General Ramblings: A Debut

There’s no official count but the guess is that roughly 140,000 words have been expended in the General Ramblings column over the years. Many words have seen repeated use, such as of, and, that, who, whom. There have been many humorous words and occasional harsh language but verbiage has generally been tempered in a voice of idea exchange.

Here’s a descriptive adjective making its General Ramblings debut. Asinine. That’s right. Asinine.

That’s the only word that adequately describes Rob Reich’s recent New York Times opinion column. In it he suggests that public schools should not be allowed to have private foundations and if they are permitted then the cash should be distributed across the school district, especially to those that are the poorest.

It is a basic tenant of fundraising that the vast majority of donors give to something that is personal, where there is a connection for the donor. Two schools might be in the same district but on any given day they become rivals – whether it’s the athletes or the mathletes. Those chess club kids can be ruthless. There is a close to zero chance that a parent will give to help a school to which their child is not directly connected.

Reich is as an associate professor of political science at Stanford University and co-director of the Center on Philanthropy and Civil Society. Stanford was where Reich did his undergraduate work and he received his law degree from Yale University. Combined, the endowments of the two schools hits $36.3 billion, give or take a few million and they ain’t sharing. Sure those are private schools but they are tax exempt and deplete resources in their communities.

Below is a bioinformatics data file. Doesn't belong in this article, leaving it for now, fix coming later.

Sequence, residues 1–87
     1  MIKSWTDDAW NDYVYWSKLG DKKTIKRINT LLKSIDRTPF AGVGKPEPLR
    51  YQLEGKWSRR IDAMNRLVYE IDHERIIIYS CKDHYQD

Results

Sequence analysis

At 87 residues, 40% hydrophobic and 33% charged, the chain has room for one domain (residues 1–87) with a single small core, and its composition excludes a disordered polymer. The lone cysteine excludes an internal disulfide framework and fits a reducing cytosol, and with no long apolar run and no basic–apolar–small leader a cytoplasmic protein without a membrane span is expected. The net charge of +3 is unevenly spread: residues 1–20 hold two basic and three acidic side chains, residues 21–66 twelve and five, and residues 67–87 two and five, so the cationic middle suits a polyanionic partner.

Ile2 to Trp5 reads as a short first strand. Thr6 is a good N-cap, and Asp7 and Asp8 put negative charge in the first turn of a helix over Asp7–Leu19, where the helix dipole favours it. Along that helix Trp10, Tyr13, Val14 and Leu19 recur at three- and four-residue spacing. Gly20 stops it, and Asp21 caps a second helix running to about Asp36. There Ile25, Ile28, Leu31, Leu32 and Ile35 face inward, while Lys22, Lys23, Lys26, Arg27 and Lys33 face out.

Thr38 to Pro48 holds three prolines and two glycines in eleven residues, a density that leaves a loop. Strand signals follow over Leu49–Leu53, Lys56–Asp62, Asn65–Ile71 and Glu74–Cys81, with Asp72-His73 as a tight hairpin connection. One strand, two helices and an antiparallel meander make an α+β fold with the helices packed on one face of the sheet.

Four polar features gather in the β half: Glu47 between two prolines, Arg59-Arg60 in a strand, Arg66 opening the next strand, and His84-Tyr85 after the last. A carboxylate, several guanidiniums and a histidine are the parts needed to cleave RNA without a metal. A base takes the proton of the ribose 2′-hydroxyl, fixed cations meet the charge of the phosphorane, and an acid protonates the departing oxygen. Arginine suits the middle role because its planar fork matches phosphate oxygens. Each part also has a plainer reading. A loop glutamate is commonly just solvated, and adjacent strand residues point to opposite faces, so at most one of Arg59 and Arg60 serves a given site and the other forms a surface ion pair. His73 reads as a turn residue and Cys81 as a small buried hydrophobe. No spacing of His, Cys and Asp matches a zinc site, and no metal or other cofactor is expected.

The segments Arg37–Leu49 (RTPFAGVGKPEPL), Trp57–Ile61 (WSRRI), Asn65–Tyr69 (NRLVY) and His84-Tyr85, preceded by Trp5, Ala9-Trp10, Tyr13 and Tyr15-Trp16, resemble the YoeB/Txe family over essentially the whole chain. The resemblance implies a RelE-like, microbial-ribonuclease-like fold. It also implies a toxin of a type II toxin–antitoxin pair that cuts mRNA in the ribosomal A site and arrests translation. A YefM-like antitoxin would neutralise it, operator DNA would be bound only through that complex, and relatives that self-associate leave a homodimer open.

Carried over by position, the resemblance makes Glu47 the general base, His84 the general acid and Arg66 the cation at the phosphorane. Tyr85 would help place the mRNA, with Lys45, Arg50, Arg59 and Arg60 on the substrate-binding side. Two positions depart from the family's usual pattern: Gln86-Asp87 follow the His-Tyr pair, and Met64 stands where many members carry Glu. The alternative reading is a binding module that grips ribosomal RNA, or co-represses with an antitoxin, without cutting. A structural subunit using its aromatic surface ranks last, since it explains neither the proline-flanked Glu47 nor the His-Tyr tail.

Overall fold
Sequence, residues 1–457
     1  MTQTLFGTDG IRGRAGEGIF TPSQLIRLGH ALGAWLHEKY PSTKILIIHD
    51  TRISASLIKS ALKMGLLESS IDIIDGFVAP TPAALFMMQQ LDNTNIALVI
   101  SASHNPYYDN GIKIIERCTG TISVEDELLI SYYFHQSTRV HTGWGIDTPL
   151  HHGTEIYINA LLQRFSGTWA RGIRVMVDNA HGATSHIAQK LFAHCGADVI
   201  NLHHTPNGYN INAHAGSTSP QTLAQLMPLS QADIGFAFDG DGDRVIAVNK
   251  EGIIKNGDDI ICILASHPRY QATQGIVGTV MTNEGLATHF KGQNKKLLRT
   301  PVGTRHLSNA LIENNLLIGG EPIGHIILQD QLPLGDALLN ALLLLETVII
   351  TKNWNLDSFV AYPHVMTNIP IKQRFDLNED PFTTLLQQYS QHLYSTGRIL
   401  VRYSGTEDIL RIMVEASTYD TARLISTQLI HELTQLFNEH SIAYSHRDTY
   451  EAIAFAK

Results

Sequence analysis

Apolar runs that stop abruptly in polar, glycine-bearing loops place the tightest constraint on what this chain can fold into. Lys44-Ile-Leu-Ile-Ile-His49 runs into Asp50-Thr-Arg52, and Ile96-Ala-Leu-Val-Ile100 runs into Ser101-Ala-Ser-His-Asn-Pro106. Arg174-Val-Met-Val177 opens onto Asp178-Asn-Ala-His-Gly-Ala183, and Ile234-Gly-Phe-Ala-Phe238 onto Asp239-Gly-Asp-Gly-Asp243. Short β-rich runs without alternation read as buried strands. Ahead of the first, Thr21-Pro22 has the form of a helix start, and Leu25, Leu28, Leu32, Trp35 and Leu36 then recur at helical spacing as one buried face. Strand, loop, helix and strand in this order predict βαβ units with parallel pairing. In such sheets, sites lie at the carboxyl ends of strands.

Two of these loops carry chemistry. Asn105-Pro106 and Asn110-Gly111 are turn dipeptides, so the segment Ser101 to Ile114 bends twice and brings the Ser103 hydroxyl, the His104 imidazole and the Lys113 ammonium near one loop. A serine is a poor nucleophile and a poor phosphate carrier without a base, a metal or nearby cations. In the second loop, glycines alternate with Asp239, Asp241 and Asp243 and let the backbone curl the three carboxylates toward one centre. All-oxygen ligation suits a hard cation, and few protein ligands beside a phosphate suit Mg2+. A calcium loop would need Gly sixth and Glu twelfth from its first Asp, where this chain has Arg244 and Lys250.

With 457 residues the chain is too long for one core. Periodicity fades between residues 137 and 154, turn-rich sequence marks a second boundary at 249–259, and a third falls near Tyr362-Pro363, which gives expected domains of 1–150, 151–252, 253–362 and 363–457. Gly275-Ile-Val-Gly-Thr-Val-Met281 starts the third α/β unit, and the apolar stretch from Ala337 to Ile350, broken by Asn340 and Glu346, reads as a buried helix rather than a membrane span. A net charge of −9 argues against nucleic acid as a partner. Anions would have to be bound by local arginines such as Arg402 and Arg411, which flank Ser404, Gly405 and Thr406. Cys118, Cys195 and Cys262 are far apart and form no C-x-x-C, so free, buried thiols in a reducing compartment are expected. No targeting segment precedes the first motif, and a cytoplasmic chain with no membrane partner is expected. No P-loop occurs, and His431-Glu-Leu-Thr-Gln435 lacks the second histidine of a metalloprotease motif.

Is it fair to Southern Connecticut State University that Yale doesn’t share its endowment riches with its neighbor in New Haven? Yes. Yes, it is. While this is higher education, the premise stands.

Reich argued in the op-ed: “When donors give to their own child’s school or district, they are making a charitable contribution that the federal government treats in the same way as a donation to a food bank or disaster relief. But charity like this is not relief for the poor. It is, in fact, the opposite. Private giving to public schools widens the gap between rich and poor. It exacerbates inequalities in financing. It is philanthropy in the service of conferring advantage on the already well-off.”

Taking his suggestion to the next step, UC Berkeley donors shouldn’t get a tax break for giving toward the capital campaign unless UCLA gets a taste.

He wrote: “There is still a lot we can do to improve this upside-down system of charity.” Donating to a school is not charity, just like the tax-deductible greens maintenance fund at a private golf club is not charity. It is a tax-exempt transaction but it is not charity.

States are required to educate children. That is funded with local, state and federal money. Disparity between school districts has been litigated. The disparities Reich described in his article are unfortunately common. In New Jersey, for example, litigation brought about “thorough and efficient education” standards. While there are standards, the disparity between districts remains.

Many state representatives believe education is a states’ rights issue. Without getting into the evolution versus creationism argument, or the impact of tax-exempt teachers’ unions on dollars to classrooms, officials want the right to educate children in the manner locally deemed responsible.

Forcing private foundations to spread the money across the school district defeats the purpose of donors seeing an issue and attempting to address it.

Philanthropy can’t be seen as the only way to fix societal problems, particularly education. Government can’t abdicate its role of ensuring a next generation its education to a community standard.

Families are already taxed to pay for schools. They should not be penalized a second time for attempting to make things better for their children.  NPT